Caveat: List comprehensions as shown in the functions of this article are only possible with OpenSCAD v2015.03 and above.
OpenSCAD is open source (GPLv2 license) and is well maintained by Marius Kintel et al. Besides the stable releases for Windows, OSX and Linux, developmentsnapshotsare available. I recommend using these development snapshots since they have all the latest features.
EDIT: If you render the cylinder that we created above, export it as an .stl file and import it in Prusaslicer you’ll see a message like “auto-repaired 2246 errors”. This problem is caused by the reversed normals on (part of) the faces. I’ll demonstrate how to solve this in a next post. The model however prints fine thanks to Prusaslicer.
Last May I received a new Terms of Service request from YouTube. In this request I had to grant YouTube the right to monetize my videos. In other words when I agree, YouTube can insert ads in the videos. This is the final straw for me with YouTube and Google.
I’ve created this YouTube channel with tutorials about open source 3D CAD programs and never had any intention to monetize the channel. So I definitely don’t want YT to monetize it for me.
My goal has been to inspire people to use open source software instead of proprietary software and judging by the number of views and reactions I’ve been mildly successful with that. I had over 200.000 views with my tutorials and more than 1100 subscribers. Not much for YouTube of course but keep in mind that the channel was about open source 3D CAD. Very much a niche market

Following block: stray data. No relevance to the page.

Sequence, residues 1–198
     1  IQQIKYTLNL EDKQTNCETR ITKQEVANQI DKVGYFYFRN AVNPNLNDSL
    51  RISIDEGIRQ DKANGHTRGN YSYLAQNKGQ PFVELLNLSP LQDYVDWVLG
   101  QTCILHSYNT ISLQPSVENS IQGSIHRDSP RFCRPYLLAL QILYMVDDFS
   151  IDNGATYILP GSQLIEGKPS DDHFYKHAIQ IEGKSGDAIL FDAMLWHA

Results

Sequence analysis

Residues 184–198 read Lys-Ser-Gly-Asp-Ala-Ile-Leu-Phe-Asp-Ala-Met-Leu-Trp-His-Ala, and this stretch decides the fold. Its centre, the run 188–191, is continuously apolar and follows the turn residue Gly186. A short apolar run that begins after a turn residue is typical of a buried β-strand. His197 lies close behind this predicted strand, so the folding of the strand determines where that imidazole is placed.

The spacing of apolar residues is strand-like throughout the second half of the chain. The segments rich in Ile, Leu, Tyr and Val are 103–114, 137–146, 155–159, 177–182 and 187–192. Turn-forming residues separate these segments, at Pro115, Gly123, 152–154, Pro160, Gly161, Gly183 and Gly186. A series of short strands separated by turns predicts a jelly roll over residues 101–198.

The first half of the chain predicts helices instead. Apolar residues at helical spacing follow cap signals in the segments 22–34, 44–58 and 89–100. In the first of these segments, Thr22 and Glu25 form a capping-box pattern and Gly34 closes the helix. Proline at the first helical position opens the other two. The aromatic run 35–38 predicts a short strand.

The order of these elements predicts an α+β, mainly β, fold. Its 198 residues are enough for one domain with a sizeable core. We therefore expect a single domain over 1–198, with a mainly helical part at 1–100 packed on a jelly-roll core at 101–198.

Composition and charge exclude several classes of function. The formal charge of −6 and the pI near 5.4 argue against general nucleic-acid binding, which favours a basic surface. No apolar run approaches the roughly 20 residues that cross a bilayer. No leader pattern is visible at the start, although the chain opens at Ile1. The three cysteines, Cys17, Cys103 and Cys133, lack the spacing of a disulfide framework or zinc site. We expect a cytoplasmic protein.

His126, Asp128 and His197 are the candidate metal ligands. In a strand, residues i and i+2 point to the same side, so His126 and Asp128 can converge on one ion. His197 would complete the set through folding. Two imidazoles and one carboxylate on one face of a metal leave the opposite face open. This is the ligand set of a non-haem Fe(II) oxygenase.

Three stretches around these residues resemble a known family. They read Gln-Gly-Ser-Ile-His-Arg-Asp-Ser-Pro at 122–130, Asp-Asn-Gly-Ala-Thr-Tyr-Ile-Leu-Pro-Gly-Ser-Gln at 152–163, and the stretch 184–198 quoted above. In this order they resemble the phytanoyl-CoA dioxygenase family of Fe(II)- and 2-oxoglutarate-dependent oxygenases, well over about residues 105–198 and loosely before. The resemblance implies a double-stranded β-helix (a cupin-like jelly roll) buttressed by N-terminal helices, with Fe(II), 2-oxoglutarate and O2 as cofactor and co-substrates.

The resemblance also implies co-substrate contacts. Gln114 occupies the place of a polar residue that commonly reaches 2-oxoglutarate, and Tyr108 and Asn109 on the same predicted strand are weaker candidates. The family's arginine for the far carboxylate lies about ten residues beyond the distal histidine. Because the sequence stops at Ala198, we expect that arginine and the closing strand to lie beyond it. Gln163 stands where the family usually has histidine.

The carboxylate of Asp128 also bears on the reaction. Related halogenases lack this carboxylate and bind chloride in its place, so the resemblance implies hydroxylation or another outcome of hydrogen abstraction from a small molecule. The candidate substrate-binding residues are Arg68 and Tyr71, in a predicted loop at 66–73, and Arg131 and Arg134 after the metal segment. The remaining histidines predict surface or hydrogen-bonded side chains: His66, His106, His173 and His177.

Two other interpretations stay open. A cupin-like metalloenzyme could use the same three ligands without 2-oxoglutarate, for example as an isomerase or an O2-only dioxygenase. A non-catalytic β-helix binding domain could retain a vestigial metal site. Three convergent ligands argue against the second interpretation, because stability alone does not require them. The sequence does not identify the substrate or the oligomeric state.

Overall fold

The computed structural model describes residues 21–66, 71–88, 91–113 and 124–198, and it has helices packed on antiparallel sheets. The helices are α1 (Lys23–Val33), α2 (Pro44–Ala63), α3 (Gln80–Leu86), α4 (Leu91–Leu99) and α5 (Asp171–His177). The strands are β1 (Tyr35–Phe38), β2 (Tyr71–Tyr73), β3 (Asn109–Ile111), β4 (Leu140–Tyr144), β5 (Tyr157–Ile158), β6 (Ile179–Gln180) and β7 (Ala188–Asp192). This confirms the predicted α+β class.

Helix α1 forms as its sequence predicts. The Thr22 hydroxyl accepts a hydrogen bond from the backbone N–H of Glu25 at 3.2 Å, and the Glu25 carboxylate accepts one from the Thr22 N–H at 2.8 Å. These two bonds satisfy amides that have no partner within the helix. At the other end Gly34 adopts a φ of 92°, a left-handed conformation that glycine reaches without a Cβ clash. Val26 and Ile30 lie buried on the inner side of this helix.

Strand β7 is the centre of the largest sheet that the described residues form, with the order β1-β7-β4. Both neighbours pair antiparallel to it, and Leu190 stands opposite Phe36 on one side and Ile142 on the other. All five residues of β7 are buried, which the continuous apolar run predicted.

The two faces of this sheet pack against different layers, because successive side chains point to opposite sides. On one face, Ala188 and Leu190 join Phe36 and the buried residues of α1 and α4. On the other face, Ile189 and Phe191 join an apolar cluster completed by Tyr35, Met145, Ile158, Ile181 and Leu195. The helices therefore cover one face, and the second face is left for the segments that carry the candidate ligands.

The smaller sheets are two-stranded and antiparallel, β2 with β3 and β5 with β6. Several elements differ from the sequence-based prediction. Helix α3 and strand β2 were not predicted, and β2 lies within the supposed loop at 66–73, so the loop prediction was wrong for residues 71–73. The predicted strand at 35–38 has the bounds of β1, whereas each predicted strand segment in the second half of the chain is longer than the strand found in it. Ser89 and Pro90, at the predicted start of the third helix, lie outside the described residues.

I’ve put up with all YouTube’s privacy invading policy and data mining because of the popularity of YouTube. YouTube has a near monopoly when it comes to video sharing and has a huge worldwide audience. So to reach my audience with my video tutorials it made sense to use YouTube.
However where does one draw the line. I’ve created the video tutorials believe it or not with a lot a sweat and blood. And it’s important that I keep sovereignty over these videos. So whether ads will be part of the video is up to me and not YouTube. This leaves me no other alternative than to delete all my videos (except this one).
Luckily I’ve already had found an alternative home for my tutorials. It’s called PeerTube. PeerTube is video sharing software but contrary to YouTube, it is open source. In addition it’s also decentralized and federated.
This means that anyone can create a PeerTube server and host videos. These servers can connect to each other and share the videos between them (federation). As a result there is no single owner of the network. If the server that I joined fails or I don’t like the policy on that server I can either upload my videos to another server or even start my own.
I already have some content on PeerTube and I’ll upload new videos to PeerTube. However it’s unlikely that I’ll upload my older videos to it. I figure that they are less relevant anyway. I’ll put a link in the description to the new home of my videos and I hope to see you there.
I hope to see you on PeerTube and keep using open source software.
It’s more than two years ago that I started using the social network #Movim after a tip from an acquaintance. I had left G+ and never wanted to use a centralized social media platform again. I tried Mastodon and Friendica, Diaspora and Movim but eventually I kept using Movim and Mastodon with my Friendica account as a back-up for Mastodon. The secret of Movim is tranquillity. After logging in for the first time the news stream is empty, much like Diaspora, and it only gets filled with post from people that you follow, communities that you subscribe to and rss feeds. This in combination with an easy to use chat option that gives access to whole #XMPP network makes Movim very powerful.